The article you are attempting to view is only available to StarCityGames.com Premium Members.
(If you are having trouble viewing this content, please consult this FAQ.)
This weekend is #SCGBALT, chock full of Magic-y goodness with three formats to devour. Normally such a feast would be inadvisable a week before Thanksgiving in the United States, but in this case I think there's enough time to recover between meals so long as you hit the gym.
Everyone has their own favorites when it comes to the traditional Thanksgiving meal. Between turkey (delicious), stuffing (the best), mashed potatoes (great but overrated and don't skimp on the garlic), and cranberry sauce (great and underrated), it's impossible to go wrong, but I'm going to wade through each format and pick out the one dish I'm going to go back to for seconds and thirds. I just hope I leave room for dessert.
Which Energy Variant?
We all know that Attune with Aether dominates Standard and I don't want to rehash that fact for the millionth time. For an individual tournament, you can likely find a deck that the energy decks aren't prepared for and come out with an edge, but for a team event, I like just sticking with the best deck because you can pick up more losses than usual.
Most of the time, if you want to make the elimination rounds, you need to have a great record, but the bar is a little lower here, so long as your teammates carry some weight in the right spots. As such, raising the floor on your expected performance has a lot of value, and there's only so wrong you can go when you start your decklist with Attune with Aether, Servant of the Conduit, and Rogue Refiner.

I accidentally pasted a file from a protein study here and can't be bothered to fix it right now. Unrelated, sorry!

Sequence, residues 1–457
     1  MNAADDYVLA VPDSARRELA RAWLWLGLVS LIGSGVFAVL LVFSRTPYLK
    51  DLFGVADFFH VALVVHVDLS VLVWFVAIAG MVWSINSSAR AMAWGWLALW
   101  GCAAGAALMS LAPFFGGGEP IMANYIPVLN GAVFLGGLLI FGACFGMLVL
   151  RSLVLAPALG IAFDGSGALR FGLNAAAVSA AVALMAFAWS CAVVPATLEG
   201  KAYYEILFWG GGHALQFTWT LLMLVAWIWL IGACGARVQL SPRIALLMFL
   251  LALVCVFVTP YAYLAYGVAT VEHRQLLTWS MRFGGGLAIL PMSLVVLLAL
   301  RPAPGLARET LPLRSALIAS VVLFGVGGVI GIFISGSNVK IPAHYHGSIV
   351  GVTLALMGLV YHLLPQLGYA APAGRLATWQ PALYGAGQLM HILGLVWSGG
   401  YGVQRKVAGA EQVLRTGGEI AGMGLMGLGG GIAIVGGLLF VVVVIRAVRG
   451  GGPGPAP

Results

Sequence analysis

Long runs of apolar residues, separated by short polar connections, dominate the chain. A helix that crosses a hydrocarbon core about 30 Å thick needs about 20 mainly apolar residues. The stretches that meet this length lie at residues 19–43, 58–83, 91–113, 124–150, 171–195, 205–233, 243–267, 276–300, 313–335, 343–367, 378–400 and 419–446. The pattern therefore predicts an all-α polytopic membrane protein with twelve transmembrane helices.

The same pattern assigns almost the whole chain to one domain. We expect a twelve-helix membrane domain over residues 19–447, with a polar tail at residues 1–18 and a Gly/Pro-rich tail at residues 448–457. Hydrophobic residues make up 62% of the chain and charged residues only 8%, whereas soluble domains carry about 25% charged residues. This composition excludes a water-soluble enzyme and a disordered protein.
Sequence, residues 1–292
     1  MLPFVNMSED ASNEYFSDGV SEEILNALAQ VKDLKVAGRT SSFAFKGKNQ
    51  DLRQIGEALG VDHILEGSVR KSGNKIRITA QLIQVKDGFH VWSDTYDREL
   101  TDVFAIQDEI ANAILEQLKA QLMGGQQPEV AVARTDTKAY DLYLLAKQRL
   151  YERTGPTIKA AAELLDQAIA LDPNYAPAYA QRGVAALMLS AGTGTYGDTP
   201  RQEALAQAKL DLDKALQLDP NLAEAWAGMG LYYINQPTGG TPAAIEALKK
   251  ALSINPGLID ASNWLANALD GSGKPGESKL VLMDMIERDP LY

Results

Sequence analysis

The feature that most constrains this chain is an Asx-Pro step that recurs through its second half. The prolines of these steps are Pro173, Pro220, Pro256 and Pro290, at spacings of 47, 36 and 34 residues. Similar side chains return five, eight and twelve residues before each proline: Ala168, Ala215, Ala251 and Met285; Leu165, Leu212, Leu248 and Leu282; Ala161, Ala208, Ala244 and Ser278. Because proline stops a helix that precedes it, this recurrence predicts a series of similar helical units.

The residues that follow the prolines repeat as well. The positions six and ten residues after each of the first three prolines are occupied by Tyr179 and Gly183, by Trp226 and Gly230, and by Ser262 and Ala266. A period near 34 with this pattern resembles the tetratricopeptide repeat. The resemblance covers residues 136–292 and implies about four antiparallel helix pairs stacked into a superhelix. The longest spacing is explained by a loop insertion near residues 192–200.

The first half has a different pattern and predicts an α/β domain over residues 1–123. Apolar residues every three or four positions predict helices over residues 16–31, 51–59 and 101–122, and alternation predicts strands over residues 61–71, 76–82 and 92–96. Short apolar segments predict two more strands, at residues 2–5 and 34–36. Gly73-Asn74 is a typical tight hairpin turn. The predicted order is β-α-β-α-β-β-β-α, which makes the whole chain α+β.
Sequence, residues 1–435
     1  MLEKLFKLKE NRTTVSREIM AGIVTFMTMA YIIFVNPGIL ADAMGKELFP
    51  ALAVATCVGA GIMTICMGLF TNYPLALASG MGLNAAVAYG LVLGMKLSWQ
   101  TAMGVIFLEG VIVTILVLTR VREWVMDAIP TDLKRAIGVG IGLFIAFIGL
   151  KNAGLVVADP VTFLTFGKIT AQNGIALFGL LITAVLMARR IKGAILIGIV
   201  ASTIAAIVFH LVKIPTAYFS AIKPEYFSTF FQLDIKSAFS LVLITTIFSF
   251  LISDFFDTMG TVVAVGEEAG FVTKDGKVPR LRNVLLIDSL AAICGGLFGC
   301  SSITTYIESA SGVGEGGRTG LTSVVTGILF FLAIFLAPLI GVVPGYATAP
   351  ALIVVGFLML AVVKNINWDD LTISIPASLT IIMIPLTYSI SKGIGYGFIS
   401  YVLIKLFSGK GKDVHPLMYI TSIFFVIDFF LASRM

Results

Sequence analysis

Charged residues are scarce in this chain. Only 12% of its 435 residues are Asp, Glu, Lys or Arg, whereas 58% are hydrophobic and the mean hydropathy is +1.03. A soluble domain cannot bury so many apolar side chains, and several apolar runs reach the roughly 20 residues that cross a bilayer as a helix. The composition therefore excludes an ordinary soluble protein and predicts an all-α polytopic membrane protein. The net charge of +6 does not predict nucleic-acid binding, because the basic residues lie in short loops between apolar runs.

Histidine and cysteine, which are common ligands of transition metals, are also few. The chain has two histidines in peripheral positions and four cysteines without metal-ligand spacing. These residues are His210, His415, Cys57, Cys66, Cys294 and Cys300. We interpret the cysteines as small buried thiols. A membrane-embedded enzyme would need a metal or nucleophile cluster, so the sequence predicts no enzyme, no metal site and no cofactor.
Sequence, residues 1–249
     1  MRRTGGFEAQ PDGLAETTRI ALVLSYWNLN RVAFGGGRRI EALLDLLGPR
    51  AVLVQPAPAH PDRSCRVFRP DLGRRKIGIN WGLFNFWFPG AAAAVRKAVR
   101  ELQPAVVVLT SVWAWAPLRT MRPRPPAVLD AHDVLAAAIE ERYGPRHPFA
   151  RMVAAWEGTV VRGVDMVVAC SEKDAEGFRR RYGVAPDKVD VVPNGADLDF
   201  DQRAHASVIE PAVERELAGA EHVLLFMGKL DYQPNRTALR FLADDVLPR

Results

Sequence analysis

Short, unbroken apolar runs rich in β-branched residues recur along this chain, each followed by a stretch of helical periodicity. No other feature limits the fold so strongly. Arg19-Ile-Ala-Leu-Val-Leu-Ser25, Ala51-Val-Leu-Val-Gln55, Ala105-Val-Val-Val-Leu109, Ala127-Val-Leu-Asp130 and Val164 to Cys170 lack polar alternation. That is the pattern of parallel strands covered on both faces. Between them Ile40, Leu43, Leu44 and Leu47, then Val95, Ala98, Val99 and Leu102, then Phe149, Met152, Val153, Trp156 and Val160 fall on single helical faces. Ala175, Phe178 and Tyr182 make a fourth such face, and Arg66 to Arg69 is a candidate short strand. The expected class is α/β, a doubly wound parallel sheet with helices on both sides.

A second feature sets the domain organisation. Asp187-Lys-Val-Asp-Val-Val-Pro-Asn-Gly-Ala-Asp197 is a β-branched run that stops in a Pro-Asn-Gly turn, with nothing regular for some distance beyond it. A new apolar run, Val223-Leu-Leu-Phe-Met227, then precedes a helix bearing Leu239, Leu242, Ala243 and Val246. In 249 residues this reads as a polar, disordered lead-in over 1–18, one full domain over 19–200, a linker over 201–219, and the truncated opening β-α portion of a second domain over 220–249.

If you take a risk on a more fringe deck, then it's going to be very hard to recover if you pick wrong, but even if your energy list is misbuilt by a few cards, it's still going to be powerful, and if you're well-prepared for the matchups, then you'll pick up plenty of wins.
So the real question is if you want to be straight Temur, straight Sultai, or some odd blend of the two. The way I see it, the major tension is between the Sultai variants and the heavy red cards, Chandra, Torch of Defiance and Glorybringer. Put in more technical language, the more Temur-y the metagame is, the less Sultai-y you want to be.
But less Sultai-y does not necessarily mean less black. The Four-Color lists that move away from Glorybringer and Chandra for bigger cards like The Scarab God and Vraska, Relic Seeker have the edge against the more red-heavy lists. At the Pro Tour, there were enough of these inbred variants to make Sultai a sneaky good choice, in part leading to Seth Manfield's victory.
- 3 Walking Ballista
- 4 Glint-Sleeve Siphoner
- 3 Hostage Taker
- 4 Longtusk Cub
- 4 Rogue Refiner
- 4 Winding Constrictor
- 2 Rishkar, Peema Renegade
- 1 The Scarab God
Last weekend, as Standard took center stage with three Grand Prix, Sultai was the least successful Energy deck, with only one copy across three Grand Prix. Temur had four copies, while Four-Color variants led the pack with eleven, though most of them were quite heavy into red with lots of copies of Chandra, Torch of Defiance and Glorybringer.